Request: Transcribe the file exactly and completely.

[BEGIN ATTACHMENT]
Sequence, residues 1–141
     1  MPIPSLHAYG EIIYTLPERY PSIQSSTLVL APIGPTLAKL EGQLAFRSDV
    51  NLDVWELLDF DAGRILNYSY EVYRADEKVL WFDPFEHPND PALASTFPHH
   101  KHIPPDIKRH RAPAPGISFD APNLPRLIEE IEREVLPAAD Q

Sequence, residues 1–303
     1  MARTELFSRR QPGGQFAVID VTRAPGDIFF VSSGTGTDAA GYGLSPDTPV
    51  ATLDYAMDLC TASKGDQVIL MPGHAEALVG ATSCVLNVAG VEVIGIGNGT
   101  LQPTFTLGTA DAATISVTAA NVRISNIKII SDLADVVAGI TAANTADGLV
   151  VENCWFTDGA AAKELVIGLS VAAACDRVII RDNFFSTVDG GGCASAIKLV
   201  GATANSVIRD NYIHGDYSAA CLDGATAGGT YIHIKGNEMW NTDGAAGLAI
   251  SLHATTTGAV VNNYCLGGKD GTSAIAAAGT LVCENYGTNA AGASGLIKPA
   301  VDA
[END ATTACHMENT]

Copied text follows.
Sequence, residues 1–141
     1  MPIPSLHAYG EIIYTLPERY PSIQSSTLVL APIGPTLAKL EGQLAFRSDV
    51  NLDVWELLDF DAGRILNYSY EVYRADEKVL WFDPFEHPND PALASTFPHH
   101  KHIPPDIKRH RAPAPGISFD APNLPRLIEE IEREVLPAAD Q

Sequence, residues 1–303
     1  MARTELFSRR QPGGQFAVID VTRAPGDIFF VSSGTGTDAA GYGLSPDTPV
    51  ATLDYAMDLC TASKGDQVIL MPGHAEALVG ATSCVLNVAG VEVIGIGNGT
   101  LQPTFTLGTA DAATISVTAA NVRISNIKII SDLADVVAGI TAANTADGLV
   151  VENCWFTDGA AAKELVIGLS VAAACDRVII RDNFFSTVDG GGCASAIKLV
   201  GATANSVIRD NYIHGDYSAA CLDGATAGGT YIHIKGNEMW NTDGAAGLAI
   251  SLHATTTGAV VNNYCLGGKD GTSAIAAAGT LVCENYGTNA AGASGLIKPA
   301  VDA